In 1984, Severo Escobar was tried and convicted in absentia of drug related charges. He moves to vacate his sentence under 28 U.S.C. § 2255 on the grounds that his trial in absentia was impermissible under Crosby v. United States, U.S. , 122 L. Ed. 2d 25, 113 S. Ct. 748 (1993), because he was not present at the outset of the trial.
The government answers that Escobar's petition does not present a constitutional violation or fundamental defect to warrant section 2255 relief and that, in any event, under the decision in Teague v. Lane, 489 U.S. 288, 310, 103 L. Ed. 2d 334, 109 S. Ct. 1060 (1989), the decision in Crosby v. United States may not be retroactively applied to cover Escobar's case.
Escobar filed this petition pro se. After the government answered, the Court appointed James M. LaRossa, Esq. as counsel to submit reply papers on Escobar's behalf. These papers have been received.
Not every error of law constitutes grounds for relief under section 2255 motion. Although the Supreme Court has rejected the proposition that only constitutional claims may be asserted on a collateral attack under section 2255, it has confined cognizable errors of law not grounded on the Constitution to those which present "a fundamental defect which inherently results in a complete miscarriage of justice" and "exceptional circumstances where the need for the remedy afforded by the writ of habeas corpus is apparent." Davis v. United States, 417 U.S. 333, 345-46, 41 L. Ed. 2d 109, 94 S. Ct. 2298 (1974) (citations omitted).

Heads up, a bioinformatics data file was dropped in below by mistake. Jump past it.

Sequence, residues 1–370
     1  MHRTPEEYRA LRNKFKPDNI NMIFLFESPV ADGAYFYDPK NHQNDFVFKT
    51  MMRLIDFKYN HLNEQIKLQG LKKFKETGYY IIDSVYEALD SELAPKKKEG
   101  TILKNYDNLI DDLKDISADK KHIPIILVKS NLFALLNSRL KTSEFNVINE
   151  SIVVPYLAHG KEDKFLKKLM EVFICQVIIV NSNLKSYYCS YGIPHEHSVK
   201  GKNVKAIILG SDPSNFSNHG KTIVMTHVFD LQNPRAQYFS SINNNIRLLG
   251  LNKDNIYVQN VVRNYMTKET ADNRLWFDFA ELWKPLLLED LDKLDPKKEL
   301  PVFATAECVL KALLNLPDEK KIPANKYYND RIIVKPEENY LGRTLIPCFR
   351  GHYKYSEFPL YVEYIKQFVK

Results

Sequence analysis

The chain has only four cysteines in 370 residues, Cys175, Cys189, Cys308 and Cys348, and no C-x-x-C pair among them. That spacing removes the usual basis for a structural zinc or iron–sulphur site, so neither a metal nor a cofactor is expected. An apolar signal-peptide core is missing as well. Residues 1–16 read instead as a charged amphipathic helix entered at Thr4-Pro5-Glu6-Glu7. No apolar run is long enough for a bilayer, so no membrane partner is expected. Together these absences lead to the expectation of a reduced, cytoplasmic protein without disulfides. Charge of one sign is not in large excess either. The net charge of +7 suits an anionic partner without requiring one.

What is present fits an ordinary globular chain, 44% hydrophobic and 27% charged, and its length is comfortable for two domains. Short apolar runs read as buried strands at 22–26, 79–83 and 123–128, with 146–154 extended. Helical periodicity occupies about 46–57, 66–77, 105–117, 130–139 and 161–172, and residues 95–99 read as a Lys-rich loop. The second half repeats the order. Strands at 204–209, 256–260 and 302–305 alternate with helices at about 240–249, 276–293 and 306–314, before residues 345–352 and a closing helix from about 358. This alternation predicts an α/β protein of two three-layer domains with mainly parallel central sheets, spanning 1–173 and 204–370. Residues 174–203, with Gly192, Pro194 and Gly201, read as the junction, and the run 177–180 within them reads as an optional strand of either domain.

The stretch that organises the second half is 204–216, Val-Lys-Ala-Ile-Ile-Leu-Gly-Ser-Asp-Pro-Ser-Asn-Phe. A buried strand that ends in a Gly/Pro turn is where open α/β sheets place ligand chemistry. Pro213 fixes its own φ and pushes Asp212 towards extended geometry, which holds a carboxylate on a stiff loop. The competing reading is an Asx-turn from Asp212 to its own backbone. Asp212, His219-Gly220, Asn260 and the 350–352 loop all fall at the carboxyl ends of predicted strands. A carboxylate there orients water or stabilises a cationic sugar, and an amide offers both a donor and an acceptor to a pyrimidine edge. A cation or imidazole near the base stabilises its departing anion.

The error Escobar alleges does not rise to that level. Although Escobar attempts to portray the change in the law announced in Crosby as having constitutional dimension, it is clear from the text of the decision that the Supreme Court did not decide Crosby on constitutional grounds, but rested its determination solely on an interpretation of Rule 43 of the Federal Rules of Criminal Procedure.
The language, history, and logic of Rule 43 support a straightforward interpretation that prohibits the trial in absentia of a defendant who is not present at the beginning of trial. Because we find Rule 43 dispositive, we do not reach Crosby's claim that his trial in absentia was also prohibited by the Constitution.